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Hypoglossal nerve stimulation may improve sleep quality in sleep apnea patients: JAMA

Hypoglossal nerve stimulation may improve sleep quality in sleep apnea patients: JAMA

Obstructive sleep apnea (OSA) is a potentially serious sleep disorder with a damaging impact on the quality of life of the patient. Hypoglossal nerve stimulation (HSN) has emerged as an alternative therapy for OSA patients who do not show any improvement after continuous positive airway pressure (CPAP) or could not adhere to the therapy. In a recent study. researchers have found that hypoglossal nerve stimulation may reduce sleep apnea severity and improve sleep quality in OSA patients. The results were published in the JAMA, official journal of American Medical Association.

The study looked at demographic factors that may be associated with greater improvements in postoperative outcomes after hypoglossal nerve stimulation. The authors pooled patient-level data from m 3 prospective cohorts and 1 retrospective observational cohort comprising 584 adults with moderate to severe obstructive sleep apnea unable to tolerate or benefit from CPAP. The data were gathered from the Stimulation Therapy for Apnea Reduction Trial; a postmarket approval study conducted in Germany; the multicenter, international Adherence and Outcome of Upper Airway Stimulation for OSA Registry; and a retrospective cohort study from 2 sites in the United States.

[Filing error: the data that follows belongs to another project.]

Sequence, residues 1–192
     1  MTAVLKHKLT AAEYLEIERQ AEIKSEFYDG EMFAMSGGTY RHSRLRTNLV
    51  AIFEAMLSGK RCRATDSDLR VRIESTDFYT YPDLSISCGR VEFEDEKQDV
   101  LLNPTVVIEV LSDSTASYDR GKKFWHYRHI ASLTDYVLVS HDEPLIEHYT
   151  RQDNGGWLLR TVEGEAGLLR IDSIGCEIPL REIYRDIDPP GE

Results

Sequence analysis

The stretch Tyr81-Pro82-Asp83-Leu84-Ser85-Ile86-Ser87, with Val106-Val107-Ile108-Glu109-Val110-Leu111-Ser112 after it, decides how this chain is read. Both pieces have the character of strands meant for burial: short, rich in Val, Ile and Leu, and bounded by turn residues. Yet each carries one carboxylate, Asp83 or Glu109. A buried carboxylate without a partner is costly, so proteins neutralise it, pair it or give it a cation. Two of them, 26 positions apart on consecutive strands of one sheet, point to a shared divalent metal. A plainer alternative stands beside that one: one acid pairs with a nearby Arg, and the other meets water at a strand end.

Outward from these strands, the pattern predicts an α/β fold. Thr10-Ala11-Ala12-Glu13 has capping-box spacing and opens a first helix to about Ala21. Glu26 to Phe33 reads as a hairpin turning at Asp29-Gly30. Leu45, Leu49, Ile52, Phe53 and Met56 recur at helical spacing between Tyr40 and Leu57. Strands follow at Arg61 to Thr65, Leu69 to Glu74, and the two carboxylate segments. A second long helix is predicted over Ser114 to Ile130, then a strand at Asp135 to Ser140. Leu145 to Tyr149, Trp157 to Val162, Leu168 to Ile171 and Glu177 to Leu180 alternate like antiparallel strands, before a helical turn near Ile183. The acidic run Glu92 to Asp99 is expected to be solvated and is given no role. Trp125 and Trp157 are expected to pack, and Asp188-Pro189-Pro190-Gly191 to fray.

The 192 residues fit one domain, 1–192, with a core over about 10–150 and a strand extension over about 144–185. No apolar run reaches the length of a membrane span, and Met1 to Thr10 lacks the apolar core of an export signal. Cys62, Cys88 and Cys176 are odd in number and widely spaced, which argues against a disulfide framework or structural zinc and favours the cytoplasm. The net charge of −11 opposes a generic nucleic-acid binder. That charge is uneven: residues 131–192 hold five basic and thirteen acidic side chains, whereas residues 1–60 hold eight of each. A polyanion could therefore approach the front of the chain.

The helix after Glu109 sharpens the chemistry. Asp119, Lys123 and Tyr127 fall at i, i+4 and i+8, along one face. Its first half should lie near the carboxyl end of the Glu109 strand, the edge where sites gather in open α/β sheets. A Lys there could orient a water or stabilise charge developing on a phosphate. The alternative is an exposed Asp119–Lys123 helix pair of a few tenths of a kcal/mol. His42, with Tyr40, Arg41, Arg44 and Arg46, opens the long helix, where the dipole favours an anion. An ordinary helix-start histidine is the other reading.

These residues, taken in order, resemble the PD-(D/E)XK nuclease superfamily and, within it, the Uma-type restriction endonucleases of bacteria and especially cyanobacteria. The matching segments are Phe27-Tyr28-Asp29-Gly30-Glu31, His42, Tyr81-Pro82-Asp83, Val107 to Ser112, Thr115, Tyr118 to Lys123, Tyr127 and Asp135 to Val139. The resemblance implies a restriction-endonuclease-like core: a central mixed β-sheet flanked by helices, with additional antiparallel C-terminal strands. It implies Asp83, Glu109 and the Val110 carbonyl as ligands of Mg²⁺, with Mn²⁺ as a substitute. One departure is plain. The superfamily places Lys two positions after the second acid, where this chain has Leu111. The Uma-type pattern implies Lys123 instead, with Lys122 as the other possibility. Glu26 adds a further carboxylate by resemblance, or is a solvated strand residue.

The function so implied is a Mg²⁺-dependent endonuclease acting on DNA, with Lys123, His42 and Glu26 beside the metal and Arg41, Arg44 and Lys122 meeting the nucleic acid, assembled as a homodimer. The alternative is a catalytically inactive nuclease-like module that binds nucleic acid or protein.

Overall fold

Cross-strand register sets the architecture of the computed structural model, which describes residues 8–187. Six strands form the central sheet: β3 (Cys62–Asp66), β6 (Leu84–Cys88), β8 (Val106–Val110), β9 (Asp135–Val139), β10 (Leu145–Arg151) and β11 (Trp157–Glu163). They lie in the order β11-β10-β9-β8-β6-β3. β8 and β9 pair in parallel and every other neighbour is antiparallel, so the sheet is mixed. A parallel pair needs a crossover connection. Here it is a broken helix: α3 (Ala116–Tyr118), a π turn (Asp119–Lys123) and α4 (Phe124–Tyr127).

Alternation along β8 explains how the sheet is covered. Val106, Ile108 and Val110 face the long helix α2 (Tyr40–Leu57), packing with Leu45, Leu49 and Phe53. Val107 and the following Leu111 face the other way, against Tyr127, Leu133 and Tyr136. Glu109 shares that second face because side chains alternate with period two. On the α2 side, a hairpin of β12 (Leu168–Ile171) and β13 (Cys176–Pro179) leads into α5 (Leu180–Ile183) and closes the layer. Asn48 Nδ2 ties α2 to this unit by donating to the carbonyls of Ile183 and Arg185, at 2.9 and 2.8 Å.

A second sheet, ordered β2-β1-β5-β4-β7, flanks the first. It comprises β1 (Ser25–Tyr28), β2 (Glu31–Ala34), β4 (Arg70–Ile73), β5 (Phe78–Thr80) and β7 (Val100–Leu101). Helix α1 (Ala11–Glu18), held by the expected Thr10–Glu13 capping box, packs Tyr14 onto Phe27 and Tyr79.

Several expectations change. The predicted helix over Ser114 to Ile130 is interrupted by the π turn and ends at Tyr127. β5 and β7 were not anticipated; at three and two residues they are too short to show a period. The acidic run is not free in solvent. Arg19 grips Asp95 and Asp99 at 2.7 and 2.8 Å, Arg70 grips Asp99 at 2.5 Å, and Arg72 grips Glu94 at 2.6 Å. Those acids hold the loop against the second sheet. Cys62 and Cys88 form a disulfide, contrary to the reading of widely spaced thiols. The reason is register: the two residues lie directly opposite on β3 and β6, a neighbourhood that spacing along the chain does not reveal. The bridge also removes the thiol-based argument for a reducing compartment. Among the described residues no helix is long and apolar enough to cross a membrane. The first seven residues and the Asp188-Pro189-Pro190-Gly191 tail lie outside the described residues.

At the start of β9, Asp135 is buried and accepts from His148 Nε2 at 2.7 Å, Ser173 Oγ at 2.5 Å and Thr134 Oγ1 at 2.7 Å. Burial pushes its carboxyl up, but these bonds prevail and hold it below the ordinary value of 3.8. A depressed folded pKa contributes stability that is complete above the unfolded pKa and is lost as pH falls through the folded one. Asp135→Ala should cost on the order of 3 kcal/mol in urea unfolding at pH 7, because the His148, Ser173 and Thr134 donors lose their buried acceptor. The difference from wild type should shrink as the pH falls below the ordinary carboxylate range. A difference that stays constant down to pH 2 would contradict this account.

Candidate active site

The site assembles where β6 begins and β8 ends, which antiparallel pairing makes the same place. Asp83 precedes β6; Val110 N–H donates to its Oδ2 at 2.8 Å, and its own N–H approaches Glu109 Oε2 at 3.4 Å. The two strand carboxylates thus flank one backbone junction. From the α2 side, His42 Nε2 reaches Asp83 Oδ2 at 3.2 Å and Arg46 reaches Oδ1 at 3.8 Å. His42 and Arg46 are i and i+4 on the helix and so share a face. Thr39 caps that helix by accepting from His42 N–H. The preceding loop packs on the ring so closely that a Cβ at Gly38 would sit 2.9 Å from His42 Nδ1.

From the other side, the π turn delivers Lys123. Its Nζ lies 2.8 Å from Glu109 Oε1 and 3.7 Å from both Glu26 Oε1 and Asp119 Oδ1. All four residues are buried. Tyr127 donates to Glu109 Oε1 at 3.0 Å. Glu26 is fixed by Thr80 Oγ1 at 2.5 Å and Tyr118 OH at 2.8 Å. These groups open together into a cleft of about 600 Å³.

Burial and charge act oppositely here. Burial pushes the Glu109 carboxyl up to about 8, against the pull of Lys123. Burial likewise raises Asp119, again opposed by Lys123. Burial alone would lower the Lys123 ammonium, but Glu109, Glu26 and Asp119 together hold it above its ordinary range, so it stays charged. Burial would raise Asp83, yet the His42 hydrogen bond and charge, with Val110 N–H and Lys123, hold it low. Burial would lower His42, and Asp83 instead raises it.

Main outcomes that were measured were: Severity of obstructive sleep apnea, apnea-hypopnea index (AHI) (<5, normal; 5-15, mild; 15-30, moderate, and >30, severe), Epworth Sleepiness Scale (range, 0-24; score >10 indicates pathologic sleepiness) taken at 2 to 6 months from 2 cohorts, at 12 months from 1 cohort, and at both times from 1 cohort, . Sleep-related quality of life and oxygen saturation nadir data were collected where available. Linear mixed-effects models were constructed to examine associations between clinical variables and reported postoperative outcomes at 6 and 12 months with the study included as a random effect.

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Key findings of the study are as follows:

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  • Of the 584 patients included in the study, 472 were men; mean (SD) age was 58.5 years.
  • Greater improvement in the postoperative AHI was associated with a higher preoperative AHI, older patient age, and lower body mass index (BMI).
  • After adjusting for these variables and considering all patients in the analysis, the AHI was statistically higher at 12 months than at 6 months.

The results of the study made the authors conclude “Hypoglossal nerve stimulation demonstrated clinically significant improvements in obstructive sleep apnea severity, daytime sleepiness, and sleep-related quality of life in this pooled cohort of patient-level results. Age, body mass index, and preoperative AHI appeared to be associated with treatment outcomes, and these variables may explain some of the difference between 2- to 6-month and 12-month outcomes.”

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